According to the co-writer and longtime group member Bob Gaudio, the song was originally set in 1933 with the title "December 5th, 1933," and celebrated the repeal of Prohibition. Neither lead singer Frankie Valli
nor co-writer (and later, Gaudio's wife) Judy Parker were thrilled about the lyrics (and Valli objected to parts of the melody) so Gaudio redid the words and Parker redid the melody until all were content with the finished product. It ended up being a nostalgic love song.
The group had to play down the sexual overtones in this song to appease conservative radio stations, but lead singer Frankie Valli later admitted that the song was "about losing your cherry" - a guy having sex for the first time. It's a similar theme to the Shirelles hit "Will You Love Me Tomorrow
The lead singer on the first verse is Four Seasons drummer Gerri Polci - Frankie Valli comes in on the second verse. As well as sharing the lead in "December 1963," Polci was the lead singer on the group's third hit from the Who Loves You LP, "Silver Star," which made #38 in the US.
Their fifth and final #1 hit in the US, this was the only Four Seasons recording to top the UK charts.
The Four Seasons had a series of hits from 1962-1968. In 1975, they returned to the charts with "December 1963 (Oh What a Night)
," which hit #3 in the US. "December 1963" was the follow-up to that song.
A dance remix by the Dutch producer/DJ Ben Liebrand hit #14 US in 1994, introducing the song to a new generation. The remix stayed in the Top 40 for a stunning 20 weeks, and if combined with the 15 weeks the original spent on the chart, the song has had the longest stay on the Top 40. Valli, however, is not a fan of the new version. He told Billboard: "I'll never like it better than when it was pure."
Liebrand remixed the song in 1988, but it was only released in Europe that year. In 1993 it was issued in the US, where it was rediscovered by those how heard it 18 years earlier and by a younger generation that was hearing it for the first time. The US single contains two radio edits (running 3:59 and 4:22) and an extended version for club play that runs 6:13.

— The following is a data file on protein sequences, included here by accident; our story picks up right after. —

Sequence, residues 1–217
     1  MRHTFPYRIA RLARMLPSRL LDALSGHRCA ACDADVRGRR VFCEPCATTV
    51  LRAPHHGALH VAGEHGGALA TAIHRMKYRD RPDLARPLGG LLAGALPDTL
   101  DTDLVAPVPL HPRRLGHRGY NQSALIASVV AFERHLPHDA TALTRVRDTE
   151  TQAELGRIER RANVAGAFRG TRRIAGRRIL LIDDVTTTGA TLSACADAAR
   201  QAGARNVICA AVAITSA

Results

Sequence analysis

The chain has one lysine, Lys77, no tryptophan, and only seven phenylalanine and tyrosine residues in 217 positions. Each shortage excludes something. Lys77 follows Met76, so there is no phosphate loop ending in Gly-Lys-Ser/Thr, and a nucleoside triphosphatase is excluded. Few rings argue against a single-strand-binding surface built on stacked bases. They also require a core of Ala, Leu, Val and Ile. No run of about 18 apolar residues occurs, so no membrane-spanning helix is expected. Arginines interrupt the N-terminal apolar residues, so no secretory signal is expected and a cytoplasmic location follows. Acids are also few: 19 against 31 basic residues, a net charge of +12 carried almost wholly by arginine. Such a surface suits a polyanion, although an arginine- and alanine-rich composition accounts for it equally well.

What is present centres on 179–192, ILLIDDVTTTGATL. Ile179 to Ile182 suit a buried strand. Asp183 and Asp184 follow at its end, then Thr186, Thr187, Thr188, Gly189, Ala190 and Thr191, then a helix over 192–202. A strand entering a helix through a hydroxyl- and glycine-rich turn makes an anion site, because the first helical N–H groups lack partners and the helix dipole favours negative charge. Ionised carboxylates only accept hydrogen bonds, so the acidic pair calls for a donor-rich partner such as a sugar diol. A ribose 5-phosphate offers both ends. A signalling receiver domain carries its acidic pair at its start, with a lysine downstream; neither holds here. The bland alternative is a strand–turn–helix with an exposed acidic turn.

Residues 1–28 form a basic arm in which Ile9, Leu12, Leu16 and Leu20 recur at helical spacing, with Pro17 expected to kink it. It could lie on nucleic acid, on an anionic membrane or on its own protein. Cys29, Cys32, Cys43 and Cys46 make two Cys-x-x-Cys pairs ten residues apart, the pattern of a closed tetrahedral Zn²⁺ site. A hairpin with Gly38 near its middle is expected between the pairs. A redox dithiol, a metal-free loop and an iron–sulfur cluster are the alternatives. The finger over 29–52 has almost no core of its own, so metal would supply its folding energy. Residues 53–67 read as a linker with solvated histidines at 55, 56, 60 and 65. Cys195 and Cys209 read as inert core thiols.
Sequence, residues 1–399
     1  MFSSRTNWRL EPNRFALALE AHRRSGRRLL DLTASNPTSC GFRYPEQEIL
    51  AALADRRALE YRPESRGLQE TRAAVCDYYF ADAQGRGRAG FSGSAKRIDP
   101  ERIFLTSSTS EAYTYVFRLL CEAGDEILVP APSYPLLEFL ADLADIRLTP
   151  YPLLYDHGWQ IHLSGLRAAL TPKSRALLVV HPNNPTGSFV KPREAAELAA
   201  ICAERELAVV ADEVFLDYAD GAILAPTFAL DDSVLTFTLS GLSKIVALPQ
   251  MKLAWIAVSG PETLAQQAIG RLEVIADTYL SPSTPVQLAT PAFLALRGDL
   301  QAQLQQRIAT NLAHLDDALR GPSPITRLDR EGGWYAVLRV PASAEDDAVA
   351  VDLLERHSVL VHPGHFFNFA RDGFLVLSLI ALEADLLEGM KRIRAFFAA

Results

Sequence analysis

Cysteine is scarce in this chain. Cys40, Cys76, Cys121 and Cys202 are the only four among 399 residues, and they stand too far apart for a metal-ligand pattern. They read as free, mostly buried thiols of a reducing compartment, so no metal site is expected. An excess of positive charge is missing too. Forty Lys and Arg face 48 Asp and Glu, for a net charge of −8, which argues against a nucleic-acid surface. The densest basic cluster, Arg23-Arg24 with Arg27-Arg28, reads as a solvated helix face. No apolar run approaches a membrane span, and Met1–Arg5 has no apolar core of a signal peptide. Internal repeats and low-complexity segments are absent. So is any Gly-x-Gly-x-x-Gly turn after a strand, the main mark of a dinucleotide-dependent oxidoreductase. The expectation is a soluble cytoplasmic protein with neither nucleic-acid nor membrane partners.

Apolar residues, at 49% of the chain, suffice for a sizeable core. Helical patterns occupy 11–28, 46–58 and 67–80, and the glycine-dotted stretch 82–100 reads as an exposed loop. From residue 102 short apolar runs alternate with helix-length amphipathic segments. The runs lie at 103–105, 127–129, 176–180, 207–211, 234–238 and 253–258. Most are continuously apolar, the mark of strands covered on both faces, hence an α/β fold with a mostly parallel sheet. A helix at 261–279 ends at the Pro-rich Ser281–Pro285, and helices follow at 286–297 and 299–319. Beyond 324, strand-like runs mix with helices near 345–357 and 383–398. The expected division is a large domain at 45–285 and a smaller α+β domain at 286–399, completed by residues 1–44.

When this hit US #1 in 1976, it made The Four Seasons the only artist in history to have #1 songs before (several), during ("Rag Doll") and after the Beatles. (thanks, Dan - Buffalo, NY)
This was used in the 1994 movie Forrest Gump, and the song was re-released as part of the soundtrack. It once again entered the charts, and became the longest-running single in the Billboard US chart's history, with over 50 weeks total.
December, 1963 was one of the less-celebratory months in American history: President John F. Kennedy was assassinated on November 22, 1963.
In 1976, the French pop star Claude François recorded a translated version as "Cette année-là," which means, "That Year." The lyrics to his version were written by Eddy Marnay and set the song in 1962, with François referencing his rise to fame.
In 2000, this version was interpolated by the French rapper Yannick as "Ces soirées-là," which means "These Evenings." This version was a #1 hit in France and was used in the opening act of the stage show Jersey Boys, which is based on the story of The Four Seasons.